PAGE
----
Historiography and Constitutional Adjudication

Modern Law Review (2022)

30 Pages Posted: 31 Jul 2020 Last revised: 1 Nov 2022

Date Written: October 31, 2022


Lawyers and judges often use history in constitutional adjudication to provide context for constitutional interpretation. But there is debate about the extent to which historiography – the
critical study of how history is written, developed by professional historians – is relevant to
constitutional adjudication. This article argues that historiography has little relevance to constitutional reasoning grounded on historic legal sources such as court cases or legislation.But when constitutional reasoning relies on non-legal, general historical sources, historiography provides important insights. Arguments based on general historical sources – particularly originalist ones – can and should be critiqued on historiographical grounds. These methods show that general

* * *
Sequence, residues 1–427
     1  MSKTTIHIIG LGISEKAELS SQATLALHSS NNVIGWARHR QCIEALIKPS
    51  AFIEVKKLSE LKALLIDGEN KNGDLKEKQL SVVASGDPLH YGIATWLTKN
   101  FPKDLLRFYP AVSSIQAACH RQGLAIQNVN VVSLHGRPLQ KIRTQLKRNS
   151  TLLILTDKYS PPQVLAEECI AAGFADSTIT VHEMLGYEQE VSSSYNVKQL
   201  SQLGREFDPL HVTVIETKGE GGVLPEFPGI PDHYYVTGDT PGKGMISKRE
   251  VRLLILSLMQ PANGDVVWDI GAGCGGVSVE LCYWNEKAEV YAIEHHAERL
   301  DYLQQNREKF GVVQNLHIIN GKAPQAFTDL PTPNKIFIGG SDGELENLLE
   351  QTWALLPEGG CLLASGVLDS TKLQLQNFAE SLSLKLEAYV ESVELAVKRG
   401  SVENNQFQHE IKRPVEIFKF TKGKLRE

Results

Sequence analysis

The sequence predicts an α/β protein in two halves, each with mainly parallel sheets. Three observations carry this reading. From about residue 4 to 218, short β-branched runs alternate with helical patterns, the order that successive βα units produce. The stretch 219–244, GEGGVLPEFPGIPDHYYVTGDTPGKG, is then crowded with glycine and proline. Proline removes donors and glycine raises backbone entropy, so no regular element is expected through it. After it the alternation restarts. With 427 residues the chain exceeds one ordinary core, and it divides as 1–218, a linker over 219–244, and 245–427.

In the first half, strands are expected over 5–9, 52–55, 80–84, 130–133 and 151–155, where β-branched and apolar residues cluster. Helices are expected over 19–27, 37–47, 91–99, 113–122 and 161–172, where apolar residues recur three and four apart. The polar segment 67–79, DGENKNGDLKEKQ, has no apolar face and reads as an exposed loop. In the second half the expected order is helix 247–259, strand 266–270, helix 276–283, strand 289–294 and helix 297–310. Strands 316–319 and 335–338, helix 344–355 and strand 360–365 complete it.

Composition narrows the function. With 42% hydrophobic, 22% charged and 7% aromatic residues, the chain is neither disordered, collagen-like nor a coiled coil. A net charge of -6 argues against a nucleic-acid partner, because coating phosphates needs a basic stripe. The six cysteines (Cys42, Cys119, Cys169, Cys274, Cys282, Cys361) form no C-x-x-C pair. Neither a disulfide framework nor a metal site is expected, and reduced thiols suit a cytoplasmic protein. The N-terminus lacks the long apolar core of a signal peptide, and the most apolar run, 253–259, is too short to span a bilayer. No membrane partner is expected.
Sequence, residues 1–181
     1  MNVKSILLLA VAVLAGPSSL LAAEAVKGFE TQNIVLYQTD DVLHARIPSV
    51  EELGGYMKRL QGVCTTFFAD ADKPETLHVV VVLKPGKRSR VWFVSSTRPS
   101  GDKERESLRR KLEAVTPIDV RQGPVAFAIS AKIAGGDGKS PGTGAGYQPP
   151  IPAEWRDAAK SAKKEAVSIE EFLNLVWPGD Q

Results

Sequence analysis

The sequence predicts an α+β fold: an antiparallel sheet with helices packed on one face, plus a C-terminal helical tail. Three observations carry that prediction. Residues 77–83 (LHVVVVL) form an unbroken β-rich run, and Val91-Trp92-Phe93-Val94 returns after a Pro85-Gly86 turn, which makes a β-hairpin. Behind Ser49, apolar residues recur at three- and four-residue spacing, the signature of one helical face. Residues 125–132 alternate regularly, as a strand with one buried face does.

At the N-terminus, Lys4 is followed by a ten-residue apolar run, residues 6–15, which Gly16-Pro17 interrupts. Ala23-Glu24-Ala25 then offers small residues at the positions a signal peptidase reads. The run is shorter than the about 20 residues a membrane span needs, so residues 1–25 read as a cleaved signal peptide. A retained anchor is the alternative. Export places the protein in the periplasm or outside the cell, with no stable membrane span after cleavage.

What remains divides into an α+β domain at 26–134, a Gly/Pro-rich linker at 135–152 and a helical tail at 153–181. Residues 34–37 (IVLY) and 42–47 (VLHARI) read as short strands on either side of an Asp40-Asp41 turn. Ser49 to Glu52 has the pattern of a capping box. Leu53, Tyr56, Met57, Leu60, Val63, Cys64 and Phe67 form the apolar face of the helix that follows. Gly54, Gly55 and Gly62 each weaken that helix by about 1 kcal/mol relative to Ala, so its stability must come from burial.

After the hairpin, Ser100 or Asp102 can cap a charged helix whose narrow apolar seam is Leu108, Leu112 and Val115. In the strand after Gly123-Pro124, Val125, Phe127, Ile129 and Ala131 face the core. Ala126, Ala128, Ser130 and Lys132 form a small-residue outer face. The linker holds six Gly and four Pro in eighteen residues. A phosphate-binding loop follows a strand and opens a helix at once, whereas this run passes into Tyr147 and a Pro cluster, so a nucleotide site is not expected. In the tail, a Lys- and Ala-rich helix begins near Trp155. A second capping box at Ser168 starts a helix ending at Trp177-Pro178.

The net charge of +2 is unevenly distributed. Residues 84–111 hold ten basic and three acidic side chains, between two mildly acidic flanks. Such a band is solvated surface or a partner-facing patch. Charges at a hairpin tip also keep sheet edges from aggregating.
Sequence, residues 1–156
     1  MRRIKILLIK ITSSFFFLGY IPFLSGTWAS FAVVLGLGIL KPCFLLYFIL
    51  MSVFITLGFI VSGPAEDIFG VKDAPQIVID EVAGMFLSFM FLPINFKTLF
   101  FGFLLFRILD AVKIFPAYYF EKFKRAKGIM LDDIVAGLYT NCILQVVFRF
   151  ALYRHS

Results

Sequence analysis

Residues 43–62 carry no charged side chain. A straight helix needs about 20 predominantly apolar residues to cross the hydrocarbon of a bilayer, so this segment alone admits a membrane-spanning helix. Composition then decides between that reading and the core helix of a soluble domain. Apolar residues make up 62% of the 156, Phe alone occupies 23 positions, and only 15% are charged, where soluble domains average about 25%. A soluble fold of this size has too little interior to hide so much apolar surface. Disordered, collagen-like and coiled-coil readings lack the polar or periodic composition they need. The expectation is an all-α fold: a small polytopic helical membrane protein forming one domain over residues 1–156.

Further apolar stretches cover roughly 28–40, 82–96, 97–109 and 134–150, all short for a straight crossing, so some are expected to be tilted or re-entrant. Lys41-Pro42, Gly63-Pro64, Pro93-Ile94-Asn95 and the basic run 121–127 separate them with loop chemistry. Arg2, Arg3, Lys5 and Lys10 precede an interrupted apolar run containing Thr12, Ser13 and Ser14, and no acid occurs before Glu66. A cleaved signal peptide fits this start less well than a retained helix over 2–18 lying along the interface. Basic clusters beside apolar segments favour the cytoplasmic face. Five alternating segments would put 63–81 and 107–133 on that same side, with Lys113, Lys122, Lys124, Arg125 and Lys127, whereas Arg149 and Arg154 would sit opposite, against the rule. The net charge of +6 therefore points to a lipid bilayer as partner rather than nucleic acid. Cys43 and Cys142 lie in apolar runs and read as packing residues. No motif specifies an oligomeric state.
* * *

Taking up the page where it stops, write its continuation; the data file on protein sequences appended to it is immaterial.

historical sources are unlikely to generate precise and objective constitutional meaning but can
be used to develop and constrain many constitutional arguments, including those concerning
constitutional practice, purpose, or values. Historiographic methods are important for lawyers
and judges seeking to critique or make constitutional arguments grounded on general history.

Keywords: historiography, constitutional law, reasoning

JEL Classification: K00, K39

Suggested Citation

Partlett, William, Historiography and Constitutional Adjudication (October 31, 2022). Modern Law Review (2022), Available at SSRN: https://ssrn.com/abstract=3664470 or http://dx.doi.org/10.2139/ssrn.3664470

William Partlett (Contact Author)

Melbourne Law School ( email )

185 Pelham St
Carlton VIC
+61 3 8344 8740 (Phone)

HOME PAGE: http://law.unimelb.edu.au/about/staff/william-partlett

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